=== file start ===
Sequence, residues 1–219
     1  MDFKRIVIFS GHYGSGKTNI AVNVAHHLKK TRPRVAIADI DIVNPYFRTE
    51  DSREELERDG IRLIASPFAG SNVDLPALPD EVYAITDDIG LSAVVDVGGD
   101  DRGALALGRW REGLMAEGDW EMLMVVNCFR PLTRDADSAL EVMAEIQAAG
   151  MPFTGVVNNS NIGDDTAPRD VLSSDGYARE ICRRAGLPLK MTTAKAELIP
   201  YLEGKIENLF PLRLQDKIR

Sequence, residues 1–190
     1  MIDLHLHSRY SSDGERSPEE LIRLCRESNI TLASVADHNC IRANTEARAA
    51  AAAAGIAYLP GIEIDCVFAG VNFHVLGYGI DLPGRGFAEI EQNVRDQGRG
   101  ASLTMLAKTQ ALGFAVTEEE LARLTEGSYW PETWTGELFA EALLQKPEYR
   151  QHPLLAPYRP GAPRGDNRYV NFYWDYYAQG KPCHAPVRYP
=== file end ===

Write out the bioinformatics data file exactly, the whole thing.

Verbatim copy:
Sequence, residues 1–219
     1  MDFKRIVIFS GHYGSGKTNI AVNVAHHLKK TRPRVAIADI DIVNPYFRTE
    51  DSREELERDG IRLIASPFAG SNVDLPALPD EVYAITDDIG LSAVVDVGGD
   101  DRGALALGRW REGLMAEGDW EMLMVVNCFR PLTRDADSAL EVMAEIQAAG
   151  MPFTGVVNNS NIGDDTAPRD VLSSDGYARE ICRRAGLPLK MTTAKAELIP
   201  YLEGKIENLF PLRLQDKIR

Sequence, residues 1–190
     1  MIDLHLHSRY SSDGERSPEE LIRLCRESNI TLASVADHNC IRANTEARAA
    51  AAAAGIAYLP GIEIDCVFAG VNFHVLGYGI DLPGRGFAEI EQNVRDQGRG
   101  ASLTMLAKTQ ALGFAVTEEE LARLTEGSYW PETWTGELFA EALLQKPEYR
   151  QHPLLAPYRP GAPRGDNRYV NFYWDYYAQG KPCHAPVRYP